Methods: Using data from the Fragile Families and Child Well-being Study, this study examined multiple dimension of OST participation ages 9 and 15: type (sports, performance, clubs, academic clubs, and religious activities), breadth (0-5 activity types), change in breadth between ages 9 and 15 (-5 to +5), and duration patterns between ages 9-15 (nonparticipants, stopped, joined late, ongoing). Multiple regression was used to test whether OST measures at age 9 were associated with adjustment-related outcomes at age 15: internalizing symptoms, and externalizing symptoms (Child Behavior Checklist), social skills (Social Skills Rating System), and psychosocial functioning (EPOCH Measure of Adolescent Wellbeing). Analyses controlled for age 9 outcomes and demographics.
Results: Only participation in sports, academic clubs, and religious activities at age 9 were found to predict outcomes at age 15. Sports were associated with lower psychosocial functioning problems (B=-.04) and stronger social skills (B=.04), while academic clubs were associated with higher internalizing symptoms (B=.04).
Greater breadth at age 9 was associated with lower functioning issues (B=-.01) and higher social skills (B=.01). Increasing breadth between ages 9 and 15 years was associated with lower internalizing (B=-.01) and externalizing symptoms (B=-.01), lower psychosocial functioning issues (B=-.01) and increased social skills (B=.02).
The most novel results concerned duration patterns. Though ongoing participation between ages 9 and 15 associated with stronger outcomes, so was joining an activity by age 15. For example, persistent sports participation between ages 9 and 15 were associated with lower internalizing (B=-.08), lower psychosocial functioning issues (B=-.12) and increased social skills (B=.15); however, similar associations were found for joining sports by age 15, which was also associated with lower internalizing symptoms (B=-.07), lower psychosocial functioning issues (B=-.08), and increased social skills (B=.11). Dropping out of activities yielded outcomes as poor as nonparticipation.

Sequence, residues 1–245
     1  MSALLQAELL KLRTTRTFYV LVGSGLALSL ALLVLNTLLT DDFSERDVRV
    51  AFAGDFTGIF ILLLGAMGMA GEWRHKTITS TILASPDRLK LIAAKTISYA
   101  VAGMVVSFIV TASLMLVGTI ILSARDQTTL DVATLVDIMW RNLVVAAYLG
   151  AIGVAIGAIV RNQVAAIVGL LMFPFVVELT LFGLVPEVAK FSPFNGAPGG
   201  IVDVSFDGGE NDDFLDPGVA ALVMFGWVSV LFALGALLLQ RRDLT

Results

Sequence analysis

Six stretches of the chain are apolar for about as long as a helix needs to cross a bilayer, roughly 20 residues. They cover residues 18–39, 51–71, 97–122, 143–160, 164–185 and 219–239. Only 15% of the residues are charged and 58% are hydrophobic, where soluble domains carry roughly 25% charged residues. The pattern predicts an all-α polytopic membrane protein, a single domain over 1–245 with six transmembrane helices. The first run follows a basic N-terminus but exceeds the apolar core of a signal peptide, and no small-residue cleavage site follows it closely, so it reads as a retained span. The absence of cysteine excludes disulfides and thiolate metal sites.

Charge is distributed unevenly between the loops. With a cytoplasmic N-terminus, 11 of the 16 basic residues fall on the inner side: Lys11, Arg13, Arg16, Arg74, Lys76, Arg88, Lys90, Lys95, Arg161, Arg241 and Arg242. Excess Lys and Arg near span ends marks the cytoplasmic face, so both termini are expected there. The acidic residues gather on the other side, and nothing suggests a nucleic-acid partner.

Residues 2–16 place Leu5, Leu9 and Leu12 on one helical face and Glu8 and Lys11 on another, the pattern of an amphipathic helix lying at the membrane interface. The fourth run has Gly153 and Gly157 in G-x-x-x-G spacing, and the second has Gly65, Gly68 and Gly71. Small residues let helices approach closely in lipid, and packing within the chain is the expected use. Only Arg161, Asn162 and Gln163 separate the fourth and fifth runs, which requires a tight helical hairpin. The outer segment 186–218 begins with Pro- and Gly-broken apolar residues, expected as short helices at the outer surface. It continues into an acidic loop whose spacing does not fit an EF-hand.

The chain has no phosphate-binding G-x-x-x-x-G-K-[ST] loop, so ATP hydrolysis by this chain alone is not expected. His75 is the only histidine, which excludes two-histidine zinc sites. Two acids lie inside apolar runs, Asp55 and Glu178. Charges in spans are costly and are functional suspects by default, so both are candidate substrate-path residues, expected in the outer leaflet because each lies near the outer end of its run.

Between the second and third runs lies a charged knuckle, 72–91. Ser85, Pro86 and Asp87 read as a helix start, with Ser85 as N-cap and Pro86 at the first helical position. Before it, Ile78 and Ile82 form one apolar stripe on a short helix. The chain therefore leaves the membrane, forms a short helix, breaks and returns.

Conclusions and Implications: This study contributes to the social work and OST literature first by replicating positive associations of OST in a large sample of disadvantaged youth, while also highlighting how increases in breadth and joining activities late also predicted positive outcomes in this population. Although many youth limit participation to fewer activities during adolescence, social workers working with youth should instead facilitate a breadth of activities during adolescence. Likewise, social workers should encourage youth to join activities late rather than not participate at all. School policy should better enable a consistent breadth of OST participation – especially for the most vulnerable adolescents. State and federal funding streams for OST are diverse, and rarely target youth and communities with higher needs, or primarily emphasize academics, which may limit access to broad participation. Furthermore, the neoliberalization of OST threatens access among the most disadvantaged. Additional research is needed to assess specific practices within programs which support youth with specific challenges in this study’s outcomes.